Intentional Communities

Intentional communities are associations of people with a shared social, political, religious, or spiritual vision. They have boundaries within an existing nation-state and have little or no formal legal autonomy. However, they often aim to foster a grassroots bid for self-determination.

These communities are sometimes created to escape the modern city’s anonymity or promote close relationships and a common identity. Shared values within such a community produce a sense of unity and purpose. In addition, since residents of intentional communities tend to seek out people with the same values, the communities are less prone to conflict. Local governance does not have to compromise between many different groups and preferences.

Intentional communities are usually not explicitly political in their goals. They don’t tend to challenge their host state’s sovereignty or try to win significant concessions from it. Instead, community rules tend to exist “on top of” the laws and regulations of the state. As a result, the experience of living inside such a community can be very different than living outside.

Although an intentional community may not enjoy formal autonomy, it can have “community rules” enforced by reputation and peer pressure rather than physical force. This makes such communities attractive relocation destinations for those dissatisfied with the political status quo where they live.

Intentional communities can obtain varying degrees of autonomy. The simplest form of intentional community is a “sympathy settlement” of like-minded people living close to each other.

Such settlements may be temporary, like Ephemerisle, an annual week-long floating gathering of seasteading enthusiasts. Or they may be permanent, like the Free State Project, a movement of American libertarians relocating to New Hampshire to serve as both a political voting unit in favor of more libertarian policies and a community of like-minded people.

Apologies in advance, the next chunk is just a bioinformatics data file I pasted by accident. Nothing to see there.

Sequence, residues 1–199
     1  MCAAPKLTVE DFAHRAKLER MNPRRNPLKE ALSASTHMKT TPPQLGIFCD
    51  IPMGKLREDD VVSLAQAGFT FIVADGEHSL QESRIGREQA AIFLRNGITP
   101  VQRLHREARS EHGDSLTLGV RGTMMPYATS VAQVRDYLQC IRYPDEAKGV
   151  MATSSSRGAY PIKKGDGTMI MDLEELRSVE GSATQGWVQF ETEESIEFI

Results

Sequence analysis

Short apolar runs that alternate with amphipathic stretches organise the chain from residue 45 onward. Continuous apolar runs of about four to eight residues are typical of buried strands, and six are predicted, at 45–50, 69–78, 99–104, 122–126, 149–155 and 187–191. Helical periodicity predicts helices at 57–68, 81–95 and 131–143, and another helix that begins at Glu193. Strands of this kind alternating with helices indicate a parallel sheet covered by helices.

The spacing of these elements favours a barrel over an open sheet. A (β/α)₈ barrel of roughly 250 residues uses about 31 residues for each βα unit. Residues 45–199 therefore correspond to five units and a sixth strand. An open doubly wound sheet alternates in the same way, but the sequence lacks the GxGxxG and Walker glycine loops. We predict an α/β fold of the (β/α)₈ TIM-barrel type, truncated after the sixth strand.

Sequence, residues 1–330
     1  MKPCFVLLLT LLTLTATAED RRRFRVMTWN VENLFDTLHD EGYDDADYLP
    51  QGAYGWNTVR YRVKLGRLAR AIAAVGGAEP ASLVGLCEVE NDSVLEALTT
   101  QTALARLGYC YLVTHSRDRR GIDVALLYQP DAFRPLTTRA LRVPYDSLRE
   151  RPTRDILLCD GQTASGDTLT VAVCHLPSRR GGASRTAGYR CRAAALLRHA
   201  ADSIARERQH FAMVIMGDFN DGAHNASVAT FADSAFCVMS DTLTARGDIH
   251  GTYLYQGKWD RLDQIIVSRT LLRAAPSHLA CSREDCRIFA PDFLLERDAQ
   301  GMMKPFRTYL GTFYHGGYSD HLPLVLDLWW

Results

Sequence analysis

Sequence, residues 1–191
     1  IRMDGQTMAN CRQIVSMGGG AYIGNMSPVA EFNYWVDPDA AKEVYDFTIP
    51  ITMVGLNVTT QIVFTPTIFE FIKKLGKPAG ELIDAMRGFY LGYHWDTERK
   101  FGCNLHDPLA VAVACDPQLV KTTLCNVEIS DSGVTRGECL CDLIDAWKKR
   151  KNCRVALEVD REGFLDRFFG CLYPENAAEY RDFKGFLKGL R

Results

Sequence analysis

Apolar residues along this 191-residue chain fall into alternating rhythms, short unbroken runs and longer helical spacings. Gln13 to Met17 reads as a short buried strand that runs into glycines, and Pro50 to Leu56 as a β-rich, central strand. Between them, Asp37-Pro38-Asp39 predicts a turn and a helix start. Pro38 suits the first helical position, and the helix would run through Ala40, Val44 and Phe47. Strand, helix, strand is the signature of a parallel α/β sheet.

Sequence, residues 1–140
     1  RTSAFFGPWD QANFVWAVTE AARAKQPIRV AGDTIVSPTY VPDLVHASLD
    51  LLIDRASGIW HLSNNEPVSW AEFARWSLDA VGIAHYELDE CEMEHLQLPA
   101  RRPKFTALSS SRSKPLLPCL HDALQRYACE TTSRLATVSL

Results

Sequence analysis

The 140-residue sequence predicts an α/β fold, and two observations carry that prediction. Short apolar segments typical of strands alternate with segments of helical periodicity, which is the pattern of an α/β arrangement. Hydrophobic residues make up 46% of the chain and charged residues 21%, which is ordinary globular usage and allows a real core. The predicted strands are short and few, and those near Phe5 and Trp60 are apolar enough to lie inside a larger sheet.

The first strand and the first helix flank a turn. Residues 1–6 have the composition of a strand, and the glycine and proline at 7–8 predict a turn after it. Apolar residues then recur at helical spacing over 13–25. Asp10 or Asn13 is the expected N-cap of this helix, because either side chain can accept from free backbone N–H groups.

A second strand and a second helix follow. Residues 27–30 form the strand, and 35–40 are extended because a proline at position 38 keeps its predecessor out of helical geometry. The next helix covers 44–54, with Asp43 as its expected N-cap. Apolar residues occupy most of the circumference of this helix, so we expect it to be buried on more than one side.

A more advanced form of intentional community is an “organized settlement.” The key distinguishing feature of the settlement is a document where the local “rules of living together” are codified. These districts can be motivated by the desire of the residents to move to a particular geographic location. They often want higher levels of security, a more orderly and clean living environment, protection of their property values, or specific local communal services. One example is the Homeowners’ Association, commonplace in the United States.

Finally, the most comprehensive form of intentional community is a “private settlement.” Although located within a sovereign state, this kind of settlement has an undisputed boundary within that state. Moreover, it may have institutions that supplement or even supplant the operation of usual state agencies.

Amish villages in the US represent an example of private settlement communities. These communities provide their own security, dispute resolution systems, schools, and other services typically provided by the state. Even if centered around religion, they may engage in politics to maintain good relations with local government administrations. This process can support the community’s de-facto partial autonomy.

These different forms of intentional communities share – and offer prospective members – a “society within a society.” Shared values enable inhabitants to live under different rules to those of their host state. For someone whose personal values resonate with those of an intentional community, relocating may be an attractive path to living one’s best, freest, and most fulfilling life.